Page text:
back to article Tech support chap given no training or briefing before jobs, which is why he was arrested

Welcome once more to On-Call, the column The Register squeezes in before the weekend so you can revel in a fellow reader’s tales of tech support terror. This week meet “Zac” who told us the story of how “When I started as a computer engineer for a now defunct manufacturer everything was learned on the job (in the 'field …

  1. ArrZarr Silver badge
    Coat

    Back in the day, engineers were real engineers. Computers were real computers. You had to make do with what you had in your pockets and copious amounts of wit. Youngsters of today don't know they have it so good with their manuals and most computers being standardised!

    Back when I were a lad...

    1. Symon Silver badge
      Paris Hilton

      "with their manuals"

      That's the first place I always look. In the manual. Yes sirree...

      To be serious, what we all have nowadays is the web, so if someone has appropriated the manual to fix a wonky table, you can still find a copy. It's disappointing how many people can't seem to get the most out of a search engine though. (But not in these forums though, right?)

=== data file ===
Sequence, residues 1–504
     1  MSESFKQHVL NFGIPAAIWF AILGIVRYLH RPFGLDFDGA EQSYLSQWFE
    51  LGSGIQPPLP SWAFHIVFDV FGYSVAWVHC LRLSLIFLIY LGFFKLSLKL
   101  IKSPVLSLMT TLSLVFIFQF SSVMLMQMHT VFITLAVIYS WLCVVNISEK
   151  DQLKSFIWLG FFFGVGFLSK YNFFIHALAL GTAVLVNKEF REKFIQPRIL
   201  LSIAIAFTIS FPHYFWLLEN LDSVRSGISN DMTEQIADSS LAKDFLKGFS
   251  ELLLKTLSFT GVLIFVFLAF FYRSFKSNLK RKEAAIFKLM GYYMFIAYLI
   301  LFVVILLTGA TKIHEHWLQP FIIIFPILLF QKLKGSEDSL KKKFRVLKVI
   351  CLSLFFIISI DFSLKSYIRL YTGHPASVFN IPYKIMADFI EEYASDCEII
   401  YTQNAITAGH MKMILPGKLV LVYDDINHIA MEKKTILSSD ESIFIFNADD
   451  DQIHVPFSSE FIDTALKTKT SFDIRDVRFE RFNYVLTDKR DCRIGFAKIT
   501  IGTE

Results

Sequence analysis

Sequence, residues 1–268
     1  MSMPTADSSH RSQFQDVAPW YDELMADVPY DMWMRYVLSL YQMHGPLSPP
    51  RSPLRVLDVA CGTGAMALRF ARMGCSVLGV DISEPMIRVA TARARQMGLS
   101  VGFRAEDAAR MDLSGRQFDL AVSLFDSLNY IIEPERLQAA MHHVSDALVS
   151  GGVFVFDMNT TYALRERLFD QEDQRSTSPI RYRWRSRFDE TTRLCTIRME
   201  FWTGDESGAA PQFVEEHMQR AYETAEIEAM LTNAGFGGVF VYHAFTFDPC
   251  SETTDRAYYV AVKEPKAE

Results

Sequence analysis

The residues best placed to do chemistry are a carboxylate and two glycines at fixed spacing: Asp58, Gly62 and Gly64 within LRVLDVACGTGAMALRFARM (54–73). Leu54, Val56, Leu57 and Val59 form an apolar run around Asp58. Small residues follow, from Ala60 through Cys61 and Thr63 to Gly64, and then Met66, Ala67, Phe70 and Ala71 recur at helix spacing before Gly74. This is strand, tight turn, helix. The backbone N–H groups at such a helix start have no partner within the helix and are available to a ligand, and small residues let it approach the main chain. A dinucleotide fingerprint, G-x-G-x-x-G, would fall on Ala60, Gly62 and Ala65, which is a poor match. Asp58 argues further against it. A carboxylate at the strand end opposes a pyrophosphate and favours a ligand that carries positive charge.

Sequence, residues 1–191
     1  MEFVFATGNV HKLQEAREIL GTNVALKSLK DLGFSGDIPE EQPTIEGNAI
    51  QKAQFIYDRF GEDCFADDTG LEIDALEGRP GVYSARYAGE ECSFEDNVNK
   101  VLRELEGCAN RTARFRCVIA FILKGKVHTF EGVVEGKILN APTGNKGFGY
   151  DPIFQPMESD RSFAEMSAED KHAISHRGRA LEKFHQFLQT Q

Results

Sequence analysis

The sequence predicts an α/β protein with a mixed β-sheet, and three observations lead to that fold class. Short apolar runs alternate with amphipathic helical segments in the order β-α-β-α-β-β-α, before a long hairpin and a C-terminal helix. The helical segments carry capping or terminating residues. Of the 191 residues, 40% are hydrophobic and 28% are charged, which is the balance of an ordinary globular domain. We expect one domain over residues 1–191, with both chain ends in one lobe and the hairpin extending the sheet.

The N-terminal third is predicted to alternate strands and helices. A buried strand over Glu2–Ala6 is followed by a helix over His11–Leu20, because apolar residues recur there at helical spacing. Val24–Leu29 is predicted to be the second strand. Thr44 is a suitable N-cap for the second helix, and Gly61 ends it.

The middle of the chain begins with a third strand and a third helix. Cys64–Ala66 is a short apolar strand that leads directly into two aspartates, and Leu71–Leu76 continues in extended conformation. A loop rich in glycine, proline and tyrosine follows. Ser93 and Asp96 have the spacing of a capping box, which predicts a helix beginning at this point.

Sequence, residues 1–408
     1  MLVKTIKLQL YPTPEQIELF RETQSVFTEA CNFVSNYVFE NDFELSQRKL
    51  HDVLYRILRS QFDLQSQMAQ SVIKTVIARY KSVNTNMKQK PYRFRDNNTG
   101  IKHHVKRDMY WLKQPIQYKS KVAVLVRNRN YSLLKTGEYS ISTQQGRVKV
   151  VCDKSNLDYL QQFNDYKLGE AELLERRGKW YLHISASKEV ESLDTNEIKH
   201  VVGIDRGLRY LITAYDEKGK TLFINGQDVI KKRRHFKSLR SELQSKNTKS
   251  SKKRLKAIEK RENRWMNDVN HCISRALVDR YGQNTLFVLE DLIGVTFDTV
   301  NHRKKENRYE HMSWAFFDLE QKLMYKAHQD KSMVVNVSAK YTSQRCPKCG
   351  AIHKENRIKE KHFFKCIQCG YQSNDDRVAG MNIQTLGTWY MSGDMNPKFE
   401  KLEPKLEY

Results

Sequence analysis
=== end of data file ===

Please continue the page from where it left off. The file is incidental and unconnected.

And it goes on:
https://tech.co/google-power-user-infographic-2015-01

      1. Doctor Syntax Silver badge

        "what we all have nowadays is the web"

        Until you try to work out why you can't connect to the net.

        1. DropBear Silver badge
          Trollface

          "Until you try to work out why you can't connect to the net."

          Oh, make no mistake - that's the number one use case of a smartphone...

      2. Skeptic Chicken

        Sure we have the manual. It's right down there, just ignore the "Beware the Leopard" sign.

      3. Primus Secundus Tertius Silver badge

        @Symon

        But it is not so easy to search the internet when the computer is broken.

        1. AceRimmer1980

          Or the basement, when the stairs are out.

    2. wolfetone Silver badge

      "Computers were real computers."

      Look at me typing on an imaginary laptop. La de dah de dah.

      1. ArrZarr Silver badge
        Joke

        @wolfetone

        You joke, but I would put money on that being Apple's business plan.

      2. Doctor Syntax Silver badge

        "Look at me typing on an imaginary laptop."

        Or a virtual one?

    3. John70

      Youngsters of today don't know they have it so good with their manuals and most computers being standardised!